Melaleuca responded by obtaining an after-the-fact copyright certificate for that lawyer’s letter, then demanded that the hosting company remove the letter from the website on the ground that it constituted copyright infringement (the hosting company promptly complied), and Melaleuca then sued the website for copyright infringement for having published the now-copyrighted lawyer’s letter without their consent. Worse, as part of that lawsuit, Melaleuca issued a subpoena demanding the identities of both anonymous bloggers — the one who wrote the original post about VanderSloot (“TomPaine”) and the one who posted the lawyer’s letter (“d2″). A district court in Idaho ordered the website to disclose to Melaleuca the identity of the blogger who posted the lawyer’s cease-and-desist letter, but refused to compel disclosure of the identity of the other blogger. It’s almost impossible to imagine any more thuggish attempts to intimidate people from speaking out and criticizing VanderSloot: this was a tiny website being sued for trivial offenses in federal court by a company owned by a billionaire.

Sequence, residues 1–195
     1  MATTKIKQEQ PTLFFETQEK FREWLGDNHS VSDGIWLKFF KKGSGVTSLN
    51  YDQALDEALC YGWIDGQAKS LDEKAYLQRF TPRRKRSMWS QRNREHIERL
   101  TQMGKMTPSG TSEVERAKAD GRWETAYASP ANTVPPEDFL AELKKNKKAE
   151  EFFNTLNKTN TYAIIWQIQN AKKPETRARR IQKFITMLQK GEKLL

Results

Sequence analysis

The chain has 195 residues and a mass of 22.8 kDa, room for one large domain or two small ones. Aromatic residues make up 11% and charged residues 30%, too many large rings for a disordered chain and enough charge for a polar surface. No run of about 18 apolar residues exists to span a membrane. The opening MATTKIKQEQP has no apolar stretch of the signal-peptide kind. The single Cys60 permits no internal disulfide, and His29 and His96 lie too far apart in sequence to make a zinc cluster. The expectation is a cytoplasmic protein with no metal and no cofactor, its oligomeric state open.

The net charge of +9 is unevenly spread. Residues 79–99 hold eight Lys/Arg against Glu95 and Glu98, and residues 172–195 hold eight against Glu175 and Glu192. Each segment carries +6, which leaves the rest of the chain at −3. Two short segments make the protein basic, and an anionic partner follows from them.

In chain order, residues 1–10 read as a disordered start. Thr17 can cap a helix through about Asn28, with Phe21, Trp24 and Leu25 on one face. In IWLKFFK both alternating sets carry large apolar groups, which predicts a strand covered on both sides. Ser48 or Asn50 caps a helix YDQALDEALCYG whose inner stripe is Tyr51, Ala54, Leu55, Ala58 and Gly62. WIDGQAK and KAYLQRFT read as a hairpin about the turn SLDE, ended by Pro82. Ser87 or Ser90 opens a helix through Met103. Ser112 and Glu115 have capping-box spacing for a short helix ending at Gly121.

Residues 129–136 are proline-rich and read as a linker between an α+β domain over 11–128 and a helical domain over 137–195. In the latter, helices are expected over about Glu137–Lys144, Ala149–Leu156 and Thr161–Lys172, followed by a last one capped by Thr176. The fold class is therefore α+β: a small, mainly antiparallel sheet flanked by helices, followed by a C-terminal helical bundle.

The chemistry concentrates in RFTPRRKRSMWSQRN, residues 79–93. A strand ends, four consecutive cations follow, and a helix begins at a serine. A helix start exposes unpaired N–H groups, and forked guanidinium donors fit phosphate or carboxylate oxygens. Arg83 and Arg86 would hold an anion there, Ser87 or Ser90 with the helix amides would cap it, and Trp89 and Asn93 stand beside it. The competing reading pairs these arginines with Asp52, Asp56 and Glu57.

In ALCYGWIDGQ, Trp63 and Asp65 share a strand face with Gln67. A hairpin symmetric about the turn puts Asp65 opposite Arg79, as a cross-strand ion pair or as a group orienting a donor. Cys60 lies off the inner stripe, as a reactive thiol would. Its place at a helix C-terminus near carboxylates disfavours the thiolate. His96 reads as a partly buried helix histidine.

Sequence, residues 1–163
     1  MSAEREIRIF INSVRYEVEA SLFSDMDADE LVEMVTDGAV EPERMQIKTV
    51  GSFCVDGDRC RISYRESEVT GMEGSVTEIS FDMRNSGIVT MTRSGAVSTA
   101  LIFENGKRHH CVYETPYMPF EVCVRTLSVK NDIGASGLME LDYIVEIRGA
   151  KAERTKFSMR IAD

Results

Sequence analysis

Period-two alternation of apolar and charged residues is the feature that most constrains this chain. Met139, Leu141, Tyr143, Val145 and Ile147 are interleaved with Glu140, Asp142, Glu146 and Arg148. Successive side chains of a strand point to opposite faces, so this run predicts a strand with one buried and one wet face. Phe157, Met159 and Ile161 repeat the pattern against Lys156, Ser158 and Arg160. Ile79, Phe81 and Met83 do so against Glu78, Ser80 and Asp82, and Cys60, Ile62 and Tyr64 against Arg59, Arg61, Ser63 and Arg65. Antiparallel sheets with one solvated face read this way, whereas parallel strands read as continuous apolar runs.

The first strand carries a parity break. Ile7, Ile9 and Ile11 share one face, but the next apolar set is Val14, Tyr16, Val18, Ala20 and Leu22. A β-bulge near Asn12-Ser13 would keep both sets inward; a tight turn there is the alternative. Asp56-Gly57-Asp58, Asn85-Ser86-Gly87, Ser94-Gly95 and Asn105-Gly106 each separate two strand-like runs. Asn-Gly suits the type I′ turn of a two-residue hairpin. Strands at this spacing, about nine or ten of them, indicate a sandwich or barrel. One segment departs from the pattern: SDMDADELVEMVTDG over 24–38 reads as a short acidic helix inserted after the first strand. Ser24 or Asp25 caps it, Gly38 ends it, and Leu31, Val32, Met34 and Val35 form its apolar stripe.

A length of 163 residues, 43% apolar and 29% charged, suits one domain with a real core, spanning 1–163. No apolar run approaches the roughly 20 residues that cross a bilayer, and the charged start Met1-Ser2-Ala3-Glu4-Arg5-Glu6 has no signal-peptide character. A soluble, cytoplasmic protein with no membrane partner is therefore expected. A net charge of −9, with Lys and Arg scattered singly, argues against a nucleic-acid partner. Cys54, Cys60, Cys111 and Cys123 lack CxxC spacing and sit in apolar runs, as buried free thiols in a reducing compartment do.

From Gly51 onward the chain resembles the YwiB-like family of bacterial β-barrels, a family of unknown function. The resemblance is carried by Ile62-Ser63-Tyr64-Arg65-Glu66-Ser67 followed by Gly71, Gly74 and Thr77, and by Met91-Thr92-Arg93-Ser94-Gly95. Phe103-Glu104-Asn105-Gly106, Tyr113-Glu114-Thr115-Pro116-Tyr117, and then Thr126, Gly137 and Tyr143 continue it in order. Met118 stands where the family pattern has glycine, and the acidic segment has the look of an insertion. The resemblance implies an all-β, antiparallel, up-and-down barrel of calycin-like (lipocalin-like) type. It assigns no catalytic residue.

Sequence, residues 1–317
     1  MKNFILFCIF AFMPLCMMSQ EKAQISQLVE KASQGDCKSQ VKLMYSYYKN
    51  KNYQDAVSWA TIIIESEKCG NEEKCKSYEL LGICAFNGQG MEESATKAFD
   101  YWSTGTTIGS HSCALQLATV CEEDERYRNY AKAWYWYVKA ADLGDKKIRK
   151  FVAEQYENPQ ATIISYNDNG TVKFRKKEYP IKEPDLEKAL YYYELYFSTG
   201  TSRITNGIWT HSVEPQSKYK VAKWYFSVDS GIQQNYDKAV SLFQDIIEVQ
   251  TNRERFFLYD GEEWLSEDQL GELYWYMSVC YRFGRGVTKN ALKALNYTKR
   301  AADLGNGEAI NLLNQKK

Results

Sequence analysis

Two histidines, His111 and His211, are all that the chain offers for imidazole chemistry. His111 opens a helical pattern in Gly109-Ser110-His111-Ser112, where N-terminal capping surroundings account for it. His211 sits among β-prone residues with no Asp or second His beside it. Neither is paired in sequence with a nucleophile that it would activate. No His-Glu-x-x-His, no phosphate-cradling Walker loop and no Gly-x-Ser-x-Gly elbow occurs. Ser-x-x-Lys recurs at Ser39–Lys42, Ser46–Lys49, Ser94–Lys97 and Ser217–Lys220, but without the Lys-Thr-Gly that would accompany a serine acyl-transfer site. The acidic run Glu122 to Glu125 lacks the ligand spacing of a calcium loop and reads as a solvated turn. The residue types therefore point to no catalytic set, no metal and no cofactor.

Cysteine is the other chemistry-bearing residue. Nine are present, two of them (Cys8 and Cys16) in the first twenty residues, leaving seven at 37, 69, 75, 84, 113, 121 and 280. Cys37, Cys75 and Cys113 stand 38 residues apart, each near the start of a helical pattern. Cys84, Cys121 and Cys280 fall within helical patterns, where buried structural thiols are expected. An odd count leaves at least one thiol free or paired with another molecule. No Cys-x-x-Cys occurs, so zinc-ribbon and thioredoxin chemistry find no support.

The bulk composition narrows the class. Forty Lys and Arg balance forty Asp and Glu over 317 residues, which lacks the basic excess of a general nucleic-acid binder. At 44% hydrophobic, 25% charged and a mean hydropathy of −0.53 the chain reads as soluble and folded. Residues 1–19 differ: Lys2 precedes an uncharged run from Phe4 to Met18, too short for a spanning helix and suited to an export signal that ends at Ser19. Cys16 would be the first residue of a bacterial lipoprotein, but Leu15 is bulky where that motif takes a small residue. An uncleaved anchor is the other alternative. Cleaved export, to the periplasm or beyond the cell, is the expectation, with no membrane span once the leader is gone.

There is no journalist or blogger too small to evade VanderSloot’s threats. The Idaho Agenda is a website that covers issues of interest to the state’s LGBT community. On February 2 of this year, one of its bloggers, James Tidmarsh, wrote a piece entitled “Romney Receives Big Money from Idaho’s Not-So-Gay-Friendly Melaleuca Company.” When he received an accusatory letter from a Melaleuca lawyer, Associate Counsel Michael LaClare, Tidmarsh spoke to friends to decide what to do, but before he could respond, he received a follow-up missive by email from a different company lawyer, General Counsel Ryan Nelson, demanding compliance. When Tidmarsh emailed Nelson to say that he was working on a response, the Melaleuca lawyer responded: “We really need to address this issue today or else we will have to consider escalating this issue to a much more serious level.”